MORE is able to adapt the VC both for “high-end” HTML clients (Fig. 2) with full Javascript and Cascading Style Sheet (CSS) support, and for “low-end” HTML clients with limited Javascript and no CSS support, e.g. old browsers or mini browsers bundled with PDAs. Multimedia data are managed according to their MIME type. For audio and video data, a link in the UI allows the user to request the resource. For images, MORE processes a size transformation to better fit the actual screen capabilities.

HTML UI for a Agenda object.       HTML UI for a Entry object.
Figure 2. “High-end” HTML UIs for the agenda model.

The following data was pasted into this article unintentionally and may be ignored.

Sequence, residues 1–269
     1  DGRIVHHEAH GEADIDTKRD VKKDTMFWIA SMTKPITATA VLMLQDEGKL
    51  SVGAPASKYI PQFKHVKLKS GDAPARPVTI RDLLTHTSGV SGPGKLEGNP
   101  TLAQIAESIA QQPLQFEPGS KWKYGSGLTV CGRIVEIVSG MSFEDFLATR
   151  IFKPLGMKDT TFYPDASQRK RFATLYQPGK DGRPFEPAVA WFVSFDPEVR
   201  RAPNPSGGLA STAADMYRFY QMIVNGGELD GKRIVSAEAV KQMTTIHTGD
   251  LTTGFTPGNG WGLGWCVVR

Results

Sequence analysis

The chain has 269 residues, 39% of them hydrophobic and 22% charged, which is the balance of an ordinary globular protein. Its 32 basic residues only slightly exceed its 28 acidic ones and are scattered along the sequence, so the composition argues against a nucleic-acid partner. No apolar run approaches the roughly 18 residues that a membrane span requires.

The voice modality presents some peculiar issues related to the translation of Java objects to a speech-based UI. A “GrammarConformer” component modifies field and method names to avoid difficulties to understand speech-generated words and to insert them in grammars generated on-the-fly by the XSLT processor following the JSGF format. Regarding collections and arrays, the vocal representation of such data types may cause a flood of words pronounced by the TTS if they contain many items. To address it, MORE splits arrays and collections in groups of nine items, thus exploiting the DTMF keypad ( ‘1’ to ‘9’ digits). The remaining keys are used to move backward, forward and to stop browsing the collection. The structure of each generated VoiceXML page is built by a set of forms with only a master and various slaves. The master form contains the list of the names of fields and methods of the object. When a user browses a field or invokes a method, the VoiceXML processor jumps to the slave form able to manage it. If the code of a slave form does not require any interaction with the server, the VoiceXML system restarts from the master form.